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mutley

I believe that tanks were also used as mobile wireless stations and command posts. The wireless being fitted into the gun sponsons and the antenna mounted on the roof. Unfortunately I haven't got any pictures to support this. Perhaps someone else has.

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delta

A picture of a Mark I with antennae raised

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domsim

Dear Robert

No photos of the Tanks unfortunately. Bovington has one photo of one of the Mark IV females with winch being used to recover knocked out tanks. David Fletcher reckoned there might be stuff at Imperial War Museum. I went there all shiny, new and enthusiastic to look at some other stuff and then decided on a 'quick' look for tanks. Gave up after 2 hours. Maybe one day they will computerise the data base!

Attachment is another scrubbed up picture from Bovington blue prints showing ramp in position on tank. It was mounted on a spar with a winch and pulley sytem going back to the turret. It was dropped against the sea wall and the tank climbed it by moving up the ramp in short bursts. Hold it on the clutch, rev and let the clutch out. David told me he has driven a Mark IV and the clutch is atrocious so no mean feat!

Blue prints also show sledges of supplies being winched up and plan of the landing pontoons showing positions of tanks supplies and men. Definitely the forerunner of Hobart's funnies!

Cheers

Dominic.

post-23-1089275726.jpg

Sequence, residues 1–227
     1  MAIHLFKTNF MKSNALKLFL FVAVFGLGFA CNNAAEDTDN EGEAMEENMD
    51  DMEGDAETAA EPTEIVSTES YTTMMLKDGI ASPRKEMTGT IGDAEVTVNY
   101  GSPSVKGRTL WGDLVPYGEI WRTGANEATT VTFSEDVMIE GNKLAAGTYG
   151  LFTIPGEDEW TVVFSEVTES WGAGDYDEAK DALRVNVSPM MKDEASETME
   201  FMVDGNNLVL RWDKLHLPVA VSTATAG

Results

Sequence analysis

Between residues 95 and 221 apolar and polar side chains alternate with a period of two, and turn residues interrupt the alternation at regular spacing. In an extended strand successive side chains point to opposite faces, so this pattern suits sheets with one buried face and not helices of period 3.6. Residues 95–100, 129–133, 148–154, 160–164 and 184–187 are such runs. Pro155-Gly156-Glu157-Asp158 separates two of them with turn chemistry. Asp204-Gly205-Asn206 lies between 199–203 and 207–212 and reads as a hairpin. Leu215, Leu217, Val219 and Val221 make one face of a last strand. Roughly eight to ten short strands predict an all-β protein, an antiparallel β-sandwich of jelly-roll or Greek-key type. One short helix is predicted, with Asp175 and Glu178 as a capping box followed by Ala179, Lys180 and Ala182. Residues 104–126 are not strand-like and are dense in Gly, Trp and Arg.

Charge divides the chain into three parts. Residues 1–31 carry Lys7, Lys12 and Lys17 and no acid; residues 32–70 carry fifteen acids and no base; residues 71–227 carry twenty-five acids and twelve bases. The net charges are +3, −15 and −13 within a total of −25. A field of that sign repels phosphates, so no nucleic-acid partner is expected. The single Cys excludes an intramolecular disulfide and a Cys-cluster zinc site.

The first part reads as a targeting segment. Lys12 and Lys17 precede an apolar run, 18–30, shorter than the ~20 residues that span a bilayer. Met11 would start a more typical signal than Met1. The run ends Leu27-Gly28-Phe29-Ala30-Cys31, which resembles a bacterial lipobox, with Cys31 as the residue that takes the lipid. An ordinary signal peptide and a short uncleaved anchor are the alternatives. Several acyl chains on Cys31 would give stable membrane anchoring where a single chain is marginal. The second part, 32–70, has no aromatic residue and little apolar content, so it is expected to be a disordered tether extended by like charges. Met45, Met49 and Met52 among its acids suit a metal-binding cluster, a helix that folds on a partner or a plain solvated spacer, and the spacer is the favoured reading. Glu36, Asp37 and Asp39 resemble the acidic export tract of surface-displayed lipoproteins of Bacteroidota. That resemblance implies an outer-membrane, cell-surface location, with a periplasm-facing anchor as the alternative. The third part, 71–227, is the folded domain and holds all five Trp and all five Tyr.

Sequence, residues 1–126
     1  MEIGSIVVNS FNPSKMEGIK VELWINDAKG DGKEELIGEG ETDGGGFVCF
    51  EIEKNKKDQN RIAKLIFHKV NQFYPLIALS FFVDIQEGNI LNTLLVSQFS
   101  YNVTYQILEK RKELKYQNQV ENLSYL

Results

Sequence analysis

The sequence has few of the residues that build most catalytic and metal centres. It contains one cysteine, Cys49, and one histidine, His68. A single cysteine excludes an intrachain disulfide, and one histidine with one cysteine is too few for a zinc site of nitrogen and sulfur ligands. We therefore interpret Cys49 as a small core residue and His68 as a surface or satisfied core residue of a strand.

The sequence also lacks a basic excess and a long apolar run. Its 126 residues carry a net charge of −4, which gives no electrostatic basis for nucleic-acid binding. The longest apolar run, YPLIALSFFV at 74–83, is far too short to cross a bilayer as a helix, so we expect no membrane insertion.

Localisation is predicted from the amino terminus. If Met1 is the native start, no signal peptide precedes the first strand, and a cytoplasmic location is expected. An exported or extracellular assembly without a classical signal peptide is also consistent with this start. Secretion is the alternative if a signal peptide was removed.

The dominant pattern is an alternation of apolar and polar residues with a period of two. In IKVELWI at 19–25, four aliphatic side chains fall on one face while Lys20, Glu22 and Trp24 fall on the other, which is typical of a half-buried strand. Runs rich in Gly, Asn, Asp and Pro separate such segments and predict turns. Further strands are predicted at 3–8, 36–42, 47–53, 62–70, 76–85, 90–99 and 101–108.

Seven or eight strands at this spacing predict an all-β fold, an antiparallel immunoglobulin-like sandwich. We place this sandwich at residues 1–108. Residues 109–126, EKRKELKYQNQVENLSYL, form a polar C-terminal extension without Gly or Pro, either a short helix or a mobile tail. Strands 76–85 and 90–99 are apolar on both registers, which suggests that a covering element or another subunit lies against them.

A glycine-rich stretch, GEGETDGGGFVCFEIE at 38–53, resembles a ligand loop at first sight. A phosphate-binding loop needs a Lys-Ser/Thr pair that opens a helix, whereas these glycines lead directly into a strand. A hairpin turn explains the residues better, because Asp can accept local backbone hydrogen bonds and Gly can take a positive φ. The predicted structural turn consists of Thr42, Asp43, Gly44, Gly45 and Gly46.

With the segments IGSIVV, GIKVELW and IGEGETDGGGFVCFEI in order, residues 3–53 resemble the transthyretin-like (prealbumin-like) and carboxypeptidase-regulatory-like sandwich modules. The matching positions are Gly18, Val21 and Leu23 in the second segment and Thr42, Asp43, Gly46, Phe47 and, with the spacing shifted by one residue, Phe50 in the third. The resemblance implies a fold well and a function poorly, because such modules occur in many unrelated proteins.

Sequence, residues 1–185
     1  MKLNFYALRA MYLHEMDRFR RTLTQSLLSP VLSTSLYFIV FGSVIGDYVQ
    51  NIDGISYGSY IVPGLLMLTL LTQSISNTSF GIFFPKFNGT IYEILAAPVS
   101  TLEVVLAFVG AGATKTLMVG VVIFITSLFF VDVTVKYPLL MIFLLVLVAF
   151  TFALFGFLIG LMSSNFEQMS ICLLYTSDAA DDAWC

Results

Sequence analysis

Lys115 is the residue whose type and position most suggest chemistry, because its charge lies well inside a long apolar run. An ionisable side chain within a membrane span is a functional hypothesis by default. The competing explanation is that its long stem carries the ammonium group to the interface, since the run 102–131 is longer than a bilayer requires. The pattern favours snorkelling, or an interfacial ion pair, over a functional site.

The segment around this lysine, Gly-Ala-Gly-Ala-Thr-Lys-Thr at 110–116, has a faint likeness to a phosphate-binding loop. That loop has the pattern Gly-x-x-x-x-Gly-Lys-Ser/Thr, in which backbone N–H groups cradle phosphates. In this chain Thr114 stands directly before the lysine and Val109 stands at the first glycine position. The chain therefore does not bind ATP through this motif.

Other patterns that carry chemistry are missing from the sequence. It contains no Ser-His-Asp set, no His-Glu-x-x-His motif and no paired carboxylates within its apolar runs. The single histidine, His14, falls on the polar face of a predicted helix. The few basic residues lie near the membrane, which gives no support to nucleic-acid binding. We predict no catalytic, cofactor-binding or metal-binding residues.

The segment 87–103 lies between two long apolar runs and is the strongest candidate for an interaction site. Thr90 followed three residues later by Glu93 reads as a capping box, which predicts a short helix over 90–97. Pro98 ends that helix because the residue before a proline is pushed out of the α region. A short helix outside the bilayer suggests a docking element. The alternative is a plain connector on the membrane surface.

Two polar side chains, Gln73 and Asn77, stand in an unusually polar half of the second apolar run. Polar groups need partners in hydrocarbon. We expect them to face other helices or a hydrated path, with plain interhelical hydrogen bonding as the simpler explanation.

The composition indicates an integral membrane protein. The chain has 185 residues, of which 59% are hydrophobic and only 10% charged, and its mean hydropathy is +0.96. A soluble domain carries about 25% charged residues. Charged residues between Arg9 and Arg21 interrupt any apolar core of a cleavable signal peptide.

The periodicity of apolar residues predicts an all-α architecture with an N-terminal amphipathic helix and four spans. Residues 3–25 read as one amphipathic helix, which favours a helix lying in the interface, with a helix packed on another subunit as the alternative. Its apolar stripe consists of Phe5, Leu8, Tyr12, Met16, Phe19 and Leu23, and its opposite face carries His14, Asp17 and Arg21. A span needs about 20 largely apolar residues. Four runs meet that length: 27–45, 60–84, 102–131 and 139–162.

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Ali Hollington

Does anyone have a photo or reference for the troop carrying versions of WW1 tanks?

Ali

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terryb95

The Encyclopedia of Tanks and Armoured Fighting Vehicles Page 102

Mark IX Tank Armament 1 x .303in Hotchkiss MG

Crew 4 plus 30 men or 10 tons of stores

"Designed in the autumn of 1916 to meet an urgent need to transport a platoon of infantry, stores or machine gun crews across no man's land, the Mark IX was in effect the world's first armoured personnel carrier.. Labolur troubles and production difficulites in the UK meant that the MkIX did not reach France untile October 1918, by which time the need for infantry carriers was being met by the MkV. Only 36 MkIX ended being built. Its slab-sided appearance, slow speed and poor handling resulted in its earning the nickname "the Pig" In 1919 a MkIX was waterproofed and fitted with two large cylindrical pontoons and hinged paddles attached to the tracks. It took to the water and proved that amphibious armoured vehicles were feasible."

Terry

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Ali Hollington

Cheers Terry,

I keep my eye out at the library for the reference, interesting to see the APC be called "the pig" a name which was still be used into the 1990's for various military vehicles.

Ali

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Robert Dunlop
Does anyone have a photo or reference for the troop carrying versions of WW1 tanks?

Ali

There are pictures of the Mk V* tank on this web site http://afvinteriors.hobbyvista.com/mkv/mkv1.html

It was used to transport machine gunners at the Battle of Amiens for example. Many got out and walked. Those who rode all the way were too ill to do anything :)

Robert

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michaeldr
Does anyone have a photo or reference for the troop carrying versions of WW1 tanks?

Ali,

You may also wish to have a look at a previous discussion about the stretched Mk V which was known as the ‘Mk V Star’

See this for pictures and details

Regards

Michael D.R.

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Ali Hollington

Michael and Robert,

Thanks for the details provided.

Ali